January 31, 2016
We’ve arrived at the fifth Sunday in January. Both of my regular readers know that I am now contractually obligated to come up with one more “food ethics icon,” and that given the parameters laid out on January 3, it has to be a full-bore, no-questions-asked philosopher. (For stray web browsers who just happened to land here, I’ll point out that like many things in The Blog, this is not strictly true, but then I’ll just move right on along without skipping a beat. Take it at face value.) My dilemma is that so far I’ve come up with four dead white guys. I would never put together a course syllabus with all white guys, much less dead ones. I really believe that racial, ethnic and gender diversity of standpoints is philosophically crucial. So how can I write a blog where all the food ethics icons are dead white guys?
Now there are some possible responses to my dilemma. Lisa Heldke, for example. I’ve mentioned Lisa in the blog several times before. At a recent lecture on another campus I was honorifically introduced as “the father of food ethics,” but the host went on to say that Lisa is probably the mother. There are in fact a number of women philosophers doing very cool work in food ethics today—Mary Rawlinson, Erinn Cunniff Gilson, Kate Millar, Lieske Voget-Kleschin. People who focus on animal issues might list Lori Gruen. The trouble with this list—and I would put Lisa right at the head of it—is putting them on another list that already has John Locke, John Stuart Mill, Aristotle and Karl Marx on it. Lifting any living person to iconic status in that company might be a bit of a stretch. I’m sure Lisa would agree.
The one exception that I would make among living philosophers (and remember, the standard is that everyone would recognize our candidate as a philosopher) is Peter Singer—another white guy, though admittedly not yet dead. Singer is by all counts in good health and alternately teaching at Princeton and the University of Melbourne. There are reasons why you might not want to put Singer up there in the same category with Locke, Mill, Aristotle and Marx, but if we look back over the last half century, there are very few philosophers (if any) who have been more widely read. I think there is a good chance that people looking back on our era may indeed think of it as philosophically barren, but there is a fair chance that Singer will be singled out as someone who influenced us significantly and for the better.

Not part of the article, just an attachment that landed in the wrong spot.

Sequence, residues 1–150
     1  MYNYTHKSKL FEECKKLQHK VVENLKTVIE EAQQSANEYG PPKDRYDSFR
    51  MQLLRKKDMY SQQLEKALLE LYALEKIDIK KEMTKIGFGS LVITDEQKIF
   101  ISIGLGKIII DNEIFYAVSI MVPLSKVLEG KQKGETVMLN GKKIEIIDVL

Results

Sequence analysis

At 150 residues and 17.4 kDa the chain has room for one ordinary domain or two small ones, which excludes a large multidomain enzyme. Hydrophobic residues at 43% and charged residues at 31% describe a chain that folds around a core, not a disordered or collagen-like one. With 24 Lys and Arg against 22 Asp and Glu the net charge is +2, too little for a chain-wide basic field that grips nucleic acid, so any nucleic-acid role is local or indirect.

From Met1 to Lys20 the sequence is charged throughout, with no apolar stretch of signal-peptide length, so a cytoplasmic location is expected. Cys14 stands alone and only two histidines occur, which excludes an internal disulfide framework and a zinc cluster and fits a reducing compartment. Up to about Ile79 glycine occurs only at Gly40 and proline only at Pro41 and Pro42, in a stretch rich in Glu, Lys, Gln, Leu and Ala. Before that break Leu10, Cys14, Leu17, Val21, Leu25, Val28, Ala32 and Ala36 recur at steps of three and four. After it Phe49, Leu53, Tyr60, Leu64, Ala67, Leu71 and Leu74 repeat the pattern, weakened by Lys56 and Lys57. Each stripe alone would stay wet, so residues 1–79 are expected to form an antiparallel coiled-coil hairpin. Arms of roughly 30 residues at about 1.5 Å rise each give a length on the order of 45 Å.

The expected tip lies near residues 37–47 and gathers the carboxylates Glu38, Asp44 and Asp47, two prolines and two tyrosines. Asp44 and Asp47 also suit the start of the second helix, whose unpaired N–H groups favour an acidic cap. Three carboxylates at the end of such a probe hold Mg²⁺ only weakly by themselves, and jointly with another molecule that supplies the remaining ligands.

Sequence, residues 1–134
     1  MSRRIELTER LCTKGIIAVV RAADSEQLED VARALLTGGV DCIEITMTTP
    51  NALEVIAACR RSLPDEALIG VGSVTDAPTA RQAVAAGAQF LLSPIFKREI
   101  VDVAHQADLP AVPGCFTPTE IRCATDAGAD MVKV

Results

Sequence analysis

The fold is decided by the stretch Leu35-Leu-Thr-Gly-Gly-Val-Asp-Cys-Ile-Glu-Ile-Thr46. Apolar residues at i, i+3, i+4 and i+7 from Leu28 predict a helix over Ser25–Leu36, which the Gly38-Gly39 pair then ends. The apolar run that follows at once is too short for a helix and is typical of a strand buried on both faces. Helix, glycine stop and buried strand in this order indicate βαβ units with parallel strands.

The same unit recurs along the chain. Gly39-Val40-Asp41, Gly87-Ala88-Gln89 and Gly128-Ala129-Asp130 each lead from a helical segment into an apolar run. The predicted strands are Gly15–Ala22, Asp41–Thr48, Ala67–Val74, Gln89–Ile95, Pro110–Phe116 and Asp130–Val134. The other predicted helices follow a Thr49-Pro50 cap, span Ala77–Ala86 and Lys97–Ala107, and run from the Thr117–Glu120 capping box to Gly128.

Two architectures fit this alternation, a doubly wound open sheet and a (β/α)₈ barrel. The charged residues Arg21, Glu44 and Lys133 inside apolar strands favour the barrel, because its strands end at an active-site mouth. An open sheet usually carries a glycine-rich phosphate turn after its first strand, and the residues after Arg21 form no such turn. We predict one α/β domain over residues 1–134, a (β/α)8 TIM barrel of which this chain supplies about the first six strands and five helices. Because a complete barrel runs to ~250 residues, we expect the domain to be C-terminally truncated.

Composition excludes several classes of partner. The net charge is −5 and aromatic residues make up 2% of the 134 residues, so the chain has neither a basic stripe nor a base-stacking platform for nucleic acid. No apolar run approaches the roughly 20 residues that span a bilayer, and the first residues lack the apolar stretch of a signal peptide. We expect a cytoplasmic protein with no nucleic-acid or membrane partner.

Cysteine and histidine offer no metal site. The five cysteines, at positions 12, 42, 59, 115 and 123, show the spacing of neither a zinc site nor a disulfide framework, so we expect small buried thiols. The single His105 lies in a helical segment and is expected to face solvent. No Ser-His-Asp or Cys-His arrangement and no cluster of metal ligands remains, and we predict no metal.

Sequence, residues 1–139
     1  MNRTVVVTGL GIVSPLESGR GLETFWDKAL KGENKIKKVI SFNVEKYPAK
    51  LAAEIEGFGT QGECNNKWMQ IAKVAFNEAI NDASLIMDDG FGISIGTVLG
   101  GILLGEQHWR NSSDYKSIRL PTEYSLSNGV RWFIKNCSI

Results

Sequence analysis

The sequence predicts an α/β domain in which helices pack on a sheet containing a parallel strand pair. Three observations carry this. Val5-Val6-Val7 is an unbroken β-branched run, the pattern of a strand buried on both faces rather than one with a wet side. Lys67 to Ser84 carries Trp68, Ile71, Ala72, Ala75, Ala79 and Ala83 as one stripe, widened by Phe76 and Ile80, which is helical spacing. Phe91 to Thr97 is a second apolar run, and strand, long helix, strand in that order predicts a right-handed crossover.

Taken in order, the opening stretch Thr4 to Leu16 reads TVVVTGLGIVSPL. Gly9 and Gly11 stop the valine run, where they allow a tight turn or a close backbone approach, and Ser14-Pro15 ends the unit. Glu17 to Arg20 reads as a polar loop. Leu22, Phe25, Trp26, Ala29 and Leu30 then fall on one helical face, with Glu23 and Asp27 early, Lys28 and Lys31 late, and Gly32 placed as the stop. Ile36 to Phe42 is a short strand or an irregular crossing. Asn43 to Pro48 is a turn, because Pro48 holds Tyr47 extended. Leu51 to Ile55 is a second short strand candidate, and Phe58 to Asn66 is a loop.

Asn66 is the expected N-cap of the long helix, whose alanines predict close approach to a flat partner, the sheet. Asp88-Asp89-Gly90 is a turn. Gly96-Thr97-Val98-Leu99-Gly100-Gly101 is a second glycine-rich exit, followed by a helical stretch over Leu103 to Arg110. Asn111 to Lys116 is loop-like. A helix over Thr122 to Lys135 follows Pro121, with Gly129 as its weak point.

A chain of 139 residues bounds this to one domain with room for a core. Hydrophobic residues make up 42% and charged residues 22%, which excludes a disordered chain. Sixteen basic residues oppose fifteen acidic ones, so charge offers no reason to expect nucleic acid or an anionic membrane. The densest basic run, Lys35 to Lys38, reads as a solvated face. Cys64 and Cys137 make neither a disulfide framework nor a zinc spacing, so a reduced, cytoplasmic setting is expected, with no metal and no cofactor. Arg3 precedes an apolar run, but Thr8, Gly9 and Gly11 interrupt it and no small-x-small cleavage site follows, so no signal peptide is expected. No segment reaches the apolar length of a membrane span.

What is more, unlike some of the other living philosophers who might be candidates for getting up there on an icons list with bigshots like Aristotle—people like Daniel Dennett or Martha Nussbaum—Singer has indeed made significant contributions on food. His two earliest papers were on world hunger and on animal liberation (with significant implications for ethical vegetarianism and intensive livestock production). He has revisited these themes often and productively throughout his career. And he even wrote a book on food ethics (with Jim Mason) called The Ethics of What We Eat.
So I’ve resisted the temptation to go combing back through Simone de Beauvoir’s The Second Sex or Franz Fanon’s The Wretched of the Earth to see if I couldn’t scrounge up some passage where they happened to mention food. Either would have satisfied my diversity craving: neither are white males and both have the advantage of being dead. Yet the fact is, we don’t remember these works for anything they said about food, and I’m not inclined to say that as with Locke or Aristotle we might read them more perceptively if we were to pay attention to the role that food plays, however indirectly, in their thought.
Singer it is then. That closes off the food ethics icons for 2016. Next Sunday, it’s back to the usual nonsense.
Paul B. Thompson holds the W.K. Kellogg Chair in Agricultural, Food and Community Ethics at Michigan State University